Friday was the night.
The first ever EC EN robotics competition, sponsored by Texas Instruments, went down. The five best robotics teams from the Electrical and Computer Engineering Department competed for the grand cash prize of $500 and more importantly, a legacy as the department’s inaugural robotics champions. Of the sixteen teams that signed up, only a handful completed the trial rounds and the five teams with the fastest times had a shot at the grand prize.
Dr. Daniel Smalley and Michael Eyler narrated the competition while senior Aaron Newman manned the live stream.
The robots’ objective seemed simple: navigate a cardboard maze, collect the pink ping pong ball at the end, navigate back out. Bada-bing, bada-boom. However, anybody with experience dabbling in robotics knows that simple is not in their vocabulary. The teams spent the past week practicing in the practice maze, making tweaks, and trying again.
“You know, practice doesn’t always make perfect in real world situations,” Michael Eyler says. Eyler spearheaded the competition, his brainchild, from start to finish. The teams learned that lesson firsthand when they discovered new glitches while running their bots in the real maze.
The first team to compete, Maize, made a major redesign to their bot in the last forty-eight hours of the trials and made their qualifying run the day before the final competition. They removed the hamster-wheel contraption meant to scoop up the ping pong prize and replaced it with a bumper of high-quality duct tape to stick to the ball instead.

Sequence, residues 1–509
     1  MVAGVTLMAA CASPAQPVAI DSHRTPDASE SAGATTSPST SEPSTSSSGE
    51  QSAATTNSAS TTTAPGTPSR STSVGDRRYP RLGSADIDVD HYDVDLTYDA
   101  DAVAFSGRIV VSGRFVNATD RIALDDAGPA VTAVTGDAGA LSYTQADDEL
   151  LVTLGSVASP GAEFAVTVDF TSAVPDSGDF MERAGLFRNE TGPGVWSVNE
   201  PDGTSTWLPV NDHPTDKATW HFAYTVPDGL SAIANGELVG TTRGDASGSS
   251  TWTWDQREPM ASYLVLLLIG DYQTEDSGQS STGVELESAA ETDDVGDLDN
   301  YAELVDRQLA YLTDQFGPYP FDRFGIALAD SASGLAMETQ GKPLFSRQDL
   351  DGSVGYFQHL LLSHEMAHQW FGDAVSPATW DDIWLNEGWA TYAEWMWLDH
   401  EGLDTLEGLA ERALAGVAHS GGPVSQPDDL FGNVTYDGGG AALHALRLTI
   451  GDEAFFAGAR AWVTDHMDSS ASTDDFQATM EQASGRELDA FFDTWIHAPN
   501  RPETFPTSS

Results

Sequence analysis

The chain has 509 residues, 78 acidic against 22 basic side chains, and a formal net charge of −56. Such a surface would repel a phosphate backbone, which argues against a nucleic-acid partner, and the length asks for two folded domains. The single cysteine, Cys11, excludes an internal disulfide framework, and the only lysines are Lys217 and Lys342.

The hardest part of the competition, according to team captain Dinah Squire, was finding the time for it, but the hours paid off when their bot retrieved the ball successfully. In a clever move, they programmed it to push the ball against the maze walls post-retrieval to ensure good adhesion, and it exited the maze with a time of 2:05.
The next team, CaMACHO Bots (yes, in honor of the faculty member himself), had the most runs under their belt as well as the first successful trial run of the competition. Their robot was simple - with no moving parts besides the wheels - and classy - with a dapperly dressed rubber duck courtesy of team captain Parker Awerkamp’s daughter on top. They nicknamed the machine “the Billdozer”
CaMACHO Bots also took the sticky approach to capturing the prize. In what Dr. Smalley described as a “humane repurposing,” they used a rat trap to stick the ball to the robot. Although this repurposing rendered balls unusable after one run, it enabled the Billdozer to escape the maze with the ball in 2:10.
Third came the judges’ favored winners, Zybatronics. This team attached to their robot a claw similar to those found in toy machines, but this robot did not toy around. It zipped through the maze and back out with the ball in 1:03, cutting the previous teams’ times in half. On a second run, it beat its own record and came out with a time of 54 seconds. They credited its speed to a well-programmed line sensor.
Team 404: Team Name Not Found, had what Eyler lauded as the most creative approach: drone suction power. Four cardboard cylinders on the outside of the bot disguised a drone attached to its top. When the bot faced the ball, the force that would usually push the drone upwards sucked the ball through a tunnel attached to the bot’s front instead. Although the drone did its job, the robot struggled through the maze and ended up disqualifying itself after three failed attempts.
Exploration Engineering ended the night with a red suction-cup-style contraption capping their robot. The all-junior team struggled on their first run. On the second run, their bot picked up speed, but took three penalties and ran out of power before it could finish. Round three brought redemption. With fresh batteries, the robot zipped through the maze and back out in 1:27.
Zybatronics blew away the competition and took home the $500 grand prize.
Next semester will bring a new challenge for whoever is ready to try their hand at a new prize.